An exam room at a Planned Parenthood center in White Plains, N.Y., is seen April 3, 2020. National Right to Life says Planned Parenthood should return $80 million its affiliates received under the SBA's Paycheck Protection Program. (CNS/Reuters/Liliana Engelbrecht)
The head of National Right to Life and other pro-life leaders criticized Planned Parenthood affiliates for applying for and receiving funds under the Paycheck Protection Program, created by Congress to provide relief for small businesses with fewer than 500 employees.
The Coronavirus Aid, Relief and Economic Security Act, or CARES Act, designed PPP "to protect small businesses not behemoth organizations with over 16,000 employees," Carol Tobias, president of National Right to Life, said in a May 20 statement.
A Fox News report May 19 said that 37 Planned Parenthood affiliates applied for and received $80 million, which Tobias said the organization "should return."
PPP, which is administered by the Small Business Administration, is a nearly $700 billion business loan program to help certain businesses, self-employed workers, sole proprietors, certain nonprofit organizations and tribal businesses continue paying their workers. The low-interest private loans allow small businesses to cover their payroll and certain other costs.
Fox reported the largest single PPP loan was a $7.5 million to the Planned Parenthood of Orange and San Bernardino counties in California. "One Planned Parenthood affiliate received a loan but declined it," the report said.
In separate statements, Sens. Marco Rubio, R-Florida, and Josh Hawley, R-Missouri, said the money needed to be returned and they urged an investigation into how the Planned Parenthood affiliates qualified for the loans. Rubio is chairman of the Senate Committee on Small Business and Entrepreneurship.
Jacqueline Ayers, vice president of government relations and public policy at the Planned Parenthood Federation of America, said in a May 20 statement that criticism of Planned Parenthood's independent affiliates applying for funding they qualified for is politically motivated.
"This is a clear political attack on Planned Parenthood health centers and access to reproductive health care," Ayers said.
"It has nothing to do with Planned Parenthood health care organizations' eligibility for COVID-19 relief efforts, and everything to do with the Trump administration using a public health crisis to advance a political agenda and distract from their own failures in protecting the American public from the spread of COVID-19," she said.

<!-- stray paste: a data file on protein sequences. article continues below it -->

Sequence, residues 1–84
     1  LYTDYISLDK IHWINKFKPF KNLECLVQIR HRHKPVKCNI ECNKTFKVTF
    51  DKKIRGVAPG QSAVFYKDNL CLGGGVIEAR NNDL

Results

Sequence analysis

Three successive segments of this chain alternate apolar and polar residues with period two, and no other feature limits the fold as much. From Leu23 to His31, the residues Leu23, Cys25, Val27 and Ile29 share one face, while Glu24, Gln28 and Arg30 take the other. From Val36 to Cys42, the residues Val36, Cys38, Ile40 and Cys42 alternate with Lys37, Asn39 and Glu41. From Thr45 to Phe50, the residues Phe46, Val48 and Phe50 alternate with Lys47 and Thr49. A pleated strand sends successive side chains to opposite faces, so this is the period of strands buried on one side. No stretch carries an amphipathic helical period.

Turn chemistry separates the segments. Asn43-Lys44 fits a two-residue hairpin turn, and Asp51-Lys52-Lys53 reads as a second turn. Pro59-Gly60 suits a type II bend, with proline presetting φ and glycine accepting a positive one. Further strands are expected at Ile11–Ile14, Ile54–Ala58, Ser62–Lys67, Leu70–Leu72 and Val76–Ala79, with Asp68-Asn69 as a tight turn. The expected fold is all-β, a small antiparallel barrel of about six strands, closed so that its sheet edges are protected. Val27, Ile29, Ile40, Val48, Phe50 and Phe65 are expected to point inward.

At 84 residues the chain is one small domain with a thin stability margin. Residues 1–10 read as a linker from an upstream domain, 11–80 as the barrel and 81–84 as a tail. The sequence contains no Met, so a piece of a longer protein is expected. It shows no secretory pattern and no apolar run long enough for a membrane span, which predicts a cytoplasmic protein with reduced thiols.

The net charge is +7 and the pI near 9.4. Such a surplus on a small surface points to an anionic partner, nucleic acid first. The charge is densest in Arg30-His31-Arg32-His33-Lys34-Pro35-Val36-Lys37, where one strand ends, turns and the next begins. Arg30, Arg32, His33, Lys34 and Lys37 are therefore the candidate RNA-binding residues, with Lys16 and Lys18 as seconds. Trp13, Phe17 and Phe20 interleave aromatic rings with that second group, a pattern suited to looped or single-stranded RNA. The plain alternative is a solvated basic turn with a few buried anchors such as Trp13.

Critics of the monies going to Planned Parenthood affiliates include Russell Moore, president of the Ethics and Religious Liberty Commission, which is the public policy arm of the Southern Baptist Convention.
According to a story by Tom Strode, Washington bureau chief for Baptist Press, Moore said the federal government is "rightfully requesting" the return of the loans.
"At a time when all of us are concerned about protecting lives and livelihoods, it is maddening to see, once more, that nothing — not even a global pandemic — will keep Planned Parenthood from pursuing death," he said May 20 in written comments to Strode.
"We must remain focused on defeating this virus and saving lives," Moore added. "Planned Parenthood's actions show it is not interested in the former because it has never cared about the latter."
National Right to Life said that, according to its most recent annual report, Planned Parenthood reported performing 345,672 abortions for 2018, "the most the organization has ever reported."
"That figure represents 40.1% of all the abortions the Guttmacher Institute says were performed in the U.S. in 2017," the most recent year available, the pro-life organization said.
The "abortion giant" also reported close to $1.64 billion in revenue for 2018-2019, it noted. "These figures continue to cement Planned Parenthood's reputation as the country's top abortion performer and promoter."